There may soon be a new face on Australia’s currency.
According to a new petition on Change.org, thousands of Australians are hoping the late Steve Irwin, aka the Crocodile Hunter, will be added to Australia’s currency by the Royal Australian Mint, who is responsible for producing Australia’s circulating coinage. The petition was created by Australian Kyle Ryan, and has 26,285 supporters to date.
Read the petition below.
“It’s about time we payed our respects to the all time greatest Australian bloke, Steve Irwin. Let’s make a change for something in the history of our country. It’s been ten years without the Aussie icon and although he’s been recognised in many ways I’d imagine we could all support the idea of going one step further (well deserved). With a list a mile long of all the good Steve had accomplished in our world let’s show our appreciation to a great true blue Australian by putting Stephen ‘Steve’ Irwin on our country’s currency.
Only everyone’s support can make this happen!”
Ryan, along with Jake Ryan, Riley McConville, Daniel Brown, and Luke Brown, also created a Facebook page to help garner support for their petition.
Steve Irwin died 10 years ago, at the age of 44, after being injured by a stingray while he was filming a documentary titled Ocean’s Deadliest in Queensland’s Great Barrier Reef. Since then, his legacy has lived on through his family, specifically his daughter Bindi Irwin, who said she is thrilled that so many people want to honor her late father.
“It is such an honour that Dad is being considered to be remembered forever on Australian currency. His legacy will continue to inspire us all, he truly changed the world,” Bindi told News Corp Australia.
It’s been 10 years since Steve Irwin died???? pic.twitter.com/J2WvN9EUP1
— Animal Baby Pix (@AnimalBabyPix) September 16, 2016
The Royal Australian Mint receives many suggested themes for commemorative circulating coins each year, according to their official website. The Mint welcomes suggestions, but reminds those making them that a “suggested theme and when a commemorative coin enters circulation can be up to two years.” The Mint also has specific policies for featuring images of individuals on their currency.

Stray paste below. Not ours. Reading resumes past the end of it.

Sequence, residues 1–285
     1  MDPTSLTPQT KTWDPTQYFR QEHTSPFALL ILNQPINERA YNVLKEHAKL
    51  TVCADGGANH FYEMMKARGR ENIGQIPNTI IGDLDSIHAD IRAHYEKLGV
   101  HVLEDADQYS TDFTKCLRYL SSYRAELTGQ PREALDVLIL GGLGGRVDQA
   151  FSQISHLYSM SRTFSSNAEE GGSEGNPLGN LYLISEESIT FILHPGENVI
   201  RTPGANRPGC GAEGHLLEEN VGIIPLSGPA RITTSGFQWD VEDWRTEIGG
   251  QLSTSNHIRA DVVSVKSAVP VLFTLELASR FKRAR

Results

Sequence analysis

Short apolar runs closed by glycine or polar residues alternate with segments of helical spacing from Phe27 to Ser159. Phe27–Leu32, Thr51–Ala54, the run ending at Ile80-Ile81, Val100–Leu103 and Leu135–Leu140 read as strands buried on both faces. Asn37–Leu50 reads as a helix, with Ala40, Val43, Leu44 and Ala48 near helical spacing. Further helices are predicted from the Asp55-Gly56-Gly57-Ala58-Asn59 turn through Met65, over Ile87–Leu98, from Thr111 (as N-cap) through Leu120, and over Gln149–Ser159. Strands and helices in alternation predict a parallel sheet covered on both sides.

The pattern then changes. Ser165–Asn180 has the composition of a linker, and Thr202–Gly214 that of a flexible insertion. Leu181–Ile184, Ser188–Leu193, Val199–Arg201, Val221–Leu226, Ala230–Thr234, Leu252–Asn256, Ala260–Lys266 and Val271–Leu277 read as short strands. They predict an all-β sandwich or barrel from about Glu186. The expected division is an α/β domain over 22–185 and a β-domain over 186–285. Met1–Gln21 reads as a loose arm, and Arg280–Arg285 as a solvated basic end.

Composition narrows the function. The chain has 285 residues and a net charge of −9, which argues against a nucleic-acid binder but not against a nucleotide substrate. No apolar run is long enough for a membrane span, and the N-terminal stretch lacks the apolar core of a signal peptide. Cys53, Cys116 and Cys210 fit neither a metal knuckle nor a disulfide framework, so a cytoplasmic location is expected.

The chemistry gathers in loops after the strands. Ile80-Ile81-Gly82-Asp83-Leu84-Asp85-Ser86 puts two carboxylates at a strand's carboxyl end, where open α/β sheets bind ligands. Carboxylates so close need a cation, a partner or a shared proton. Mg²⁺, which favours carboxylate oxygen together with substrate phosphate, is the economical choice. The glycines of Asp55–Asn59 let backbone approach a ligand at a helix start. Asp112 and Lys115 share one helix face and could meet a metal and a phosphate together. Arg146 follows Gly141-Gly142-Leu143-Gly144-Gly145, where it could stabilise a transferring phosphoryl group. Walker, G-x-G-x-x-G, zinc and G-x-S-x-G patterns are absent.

A petition is calling for the “all time greatest Australian bloke” to be on banknotes https://t.co/wMSRRJ0NHa
— BBC News Ents Team (@BBCNewsEnts) September 15, 2016
“In general, circulating coins will not feature individuals whether living or deceased other than Her Majesty Queen Elizabeth II and other members of the British Royal Family,” the website reads. “In the rare circumstances that a commemorative circulating coin design does feature the image of an individual, the coin would mark the anniversary of the birth or significant historic event in the life of that person. Coins will not commemorate the death of an individual. Alternatively, an individual may be included on a coin where an individual is associated with the organisation, event or object being commemorated on the coin.”
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“We started this petition because the newer generation barely knows who is representing our currency,” Ryan told the BBC. “We believed that having a childhood icon and conservationist like Steve would be a great idea for his 10th anniversary.”
If The Royal Mint decides to honor the petition, it will mark the second time he has been represented on their currency. In 2009, Irwin’s face appeared on a series of dollar coins commemorating inspirational Australians.
“We acknowledged the integral role Mr Irwin played in wildlife conservation as well as his positive influence on Australian culture by producing a special release commemorative coin in 2009,” Royal Australian Mint CEO Ross MacDiarmid said.
Do you think Steve Irwin should appear on Australia’s currency? Leave your comments below.
[Featured Image by Justin Sullivan/ Getty Images]